"So much has been done, exclaimed the soul of Frankenstein-more, far more, will I achieve: treading in the steps already marked, I will pioneer a new way, explore unknown powers, and unfold to the world the deepest mysteries of creation."
Anonymous More than 1 year ago
This, in my opinion has to be the most thought provoking in all of literature. I can't think of a novel more worthy of dicussing in a book club or just in general. It's authenticity still rings true in the twenty first century. It is a scientific study of whether or not we should tamper with God's creation or life, itself. This is the story of man's creation resulting in monstrous consequenses. The topic of conversation is regarding whether or not the monster really is a monster. Meaning he is not born monstrous but becomes so because he is shunned and turned away because of his frightening physical appearance. Would the monster be able to live in society with man if man had just given him a fair opportunity? Perhaps, but should he be given that opportunity under unnatural circumstances? After all, he is not human and created by God but by man. The question of who is a worse monster, him or Victor? Victor by far, for allowing the catastrophes to worsen repeatedly without properly handling the situation. The monster was his ruination from the first which goes back to should it have been attempted in the first place? Was it successful?
Anonymous More than 1 year ago
I had to read this novel in my Science Fiction class in college. The novel was excellent with great written language, so beautiful. If you a big fan of Frankenstein movies, I would recommend that if you read this novel, don't expect the movies and the novel to be alike. The creature is so different than most of the Hollywood Frankensteins on film. The creature is somewhat a natural philosopher, but I won't give away too much! In other words, this novel is a must read!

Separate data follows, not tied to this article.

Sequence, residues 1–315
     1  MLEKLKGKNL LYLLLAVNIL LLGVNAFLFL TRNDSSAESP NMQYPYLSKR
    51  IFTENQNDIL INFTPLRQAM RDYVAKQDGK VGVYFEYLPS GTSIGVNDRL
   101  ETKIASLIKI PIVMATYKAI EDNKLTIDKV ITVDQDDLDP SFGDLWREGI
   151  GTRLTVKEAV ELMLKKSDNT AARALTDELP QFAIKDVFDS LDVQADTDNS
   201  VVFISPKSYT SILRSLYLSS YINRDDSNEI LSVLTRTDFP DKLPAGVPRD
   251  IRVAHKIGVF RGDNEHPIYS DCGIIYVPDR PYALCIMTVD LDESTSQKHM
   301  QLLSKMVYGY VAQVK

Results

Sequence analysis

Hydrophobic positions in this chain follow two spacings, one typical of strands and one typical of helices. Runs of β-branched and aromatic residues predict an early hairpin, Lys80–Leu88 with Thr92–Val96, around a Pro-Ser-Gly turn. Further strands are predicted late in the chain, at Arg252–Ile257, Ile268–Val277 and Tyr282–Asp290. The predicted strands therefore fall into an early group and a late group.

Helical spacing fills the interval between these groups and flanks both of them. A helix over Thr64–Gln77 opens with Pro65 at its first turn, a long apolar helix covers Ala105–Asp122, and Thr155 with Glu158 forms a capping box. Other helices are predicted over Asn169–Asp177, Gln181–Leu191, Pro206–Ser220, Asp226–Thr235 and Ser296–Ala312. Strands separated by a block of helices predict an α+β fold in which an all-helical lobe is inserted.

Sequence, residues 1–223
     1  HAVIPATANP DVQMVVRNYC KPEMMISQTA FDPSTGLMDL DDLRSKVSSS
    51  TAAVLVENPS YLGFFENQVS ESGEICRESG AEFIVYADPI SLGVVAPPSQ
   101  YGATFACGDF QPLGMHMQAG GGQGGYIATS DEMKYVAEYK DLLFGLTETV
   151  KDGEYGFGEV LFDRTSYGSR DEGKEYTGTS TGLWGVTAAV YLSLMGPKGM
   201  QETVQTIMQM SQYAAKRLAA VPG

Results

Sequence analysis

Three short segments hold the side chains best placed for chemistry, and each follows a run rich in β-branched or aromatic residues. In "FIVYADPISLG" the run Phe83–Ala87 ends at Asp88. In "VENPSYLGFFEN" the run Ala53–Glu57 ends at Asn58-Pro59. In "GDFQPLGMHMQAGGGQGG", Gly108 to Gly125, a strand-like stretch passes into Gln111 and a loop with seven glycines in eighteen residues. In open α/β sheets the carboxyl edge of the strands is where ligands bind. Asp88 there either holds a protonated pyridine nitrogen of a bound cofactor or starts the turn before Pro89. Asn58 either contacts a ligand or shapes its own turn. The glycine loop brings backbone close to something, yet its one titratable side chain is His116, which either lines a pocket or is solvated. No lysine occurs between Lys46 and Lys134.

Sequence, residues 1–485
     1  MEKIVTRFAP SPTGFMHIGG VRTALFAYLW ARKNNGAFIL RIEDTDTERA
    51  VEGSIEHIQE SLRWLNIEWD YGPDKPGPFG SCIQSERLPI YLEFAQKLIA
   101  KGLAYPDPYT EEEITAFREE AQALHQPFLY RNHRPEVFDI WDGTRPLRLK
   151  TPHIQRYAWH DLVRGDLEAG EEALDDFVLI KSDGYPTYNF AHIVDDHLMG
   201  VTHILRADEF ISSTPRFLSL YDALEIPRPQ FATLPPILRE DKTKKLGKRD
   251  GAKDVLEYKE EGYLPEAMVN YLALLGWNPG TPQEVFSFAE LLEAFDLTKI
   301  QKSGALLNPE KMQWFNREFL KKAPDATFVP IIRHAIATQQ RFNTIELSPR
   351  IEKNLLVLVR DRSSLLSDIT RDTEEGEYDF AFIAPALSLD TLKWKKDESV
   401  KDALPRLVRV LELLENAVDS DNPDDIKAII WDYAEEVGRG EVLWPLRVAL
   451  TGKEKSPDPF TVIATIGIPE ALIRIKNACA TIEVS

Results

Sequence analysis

Anonymous More than 1 year ago
I Love this Edition!                                                                                        Note: This IS the 1831 edition. Frankenstein; or, The Modern Prometheus was already one of my favourite novels of all time, however, I did not posses a quality edition of this classic. Walking in a Barnes & Noble one day, I stumbled across this lovely edition. It was cheap and looked durable so I purchased it. Taking it home I hoped it was the 1831 edition (my favourite of the two) and was pleased to see that it was. Overall the book has been wonderfully durable, holding up to numerous drops with only one hardly noticeable dent. I also regularly place the book in a backpack, and it holds up marvelously well. However, if you are going to bring it with you in a backpack, I suggest to first place it in a large Ziploc bag and then place it in your backpack. Before I learned this, I put it into a backpack and some of the paint from the title chipped off but after I started to use a plastic bag this no longer happens. If you want to get a very high quality/durable edition of one of the greatest novels ever written, get this one. It's cheap, yet EXTREMELY beautiful and surprisingly durable.
Anonymous More than 1 year ago
A great book!!! I'm not a big fan of Science Fiction novels, but this one was great!!! When reading it, you don't feel like you are reading a Science fiction novel, you feel like you are reading a very sad, disturbing book about when humans should leave nature alone! You will never see Science and progress in it the same after you read this book!
Anonymous More than 1 year ago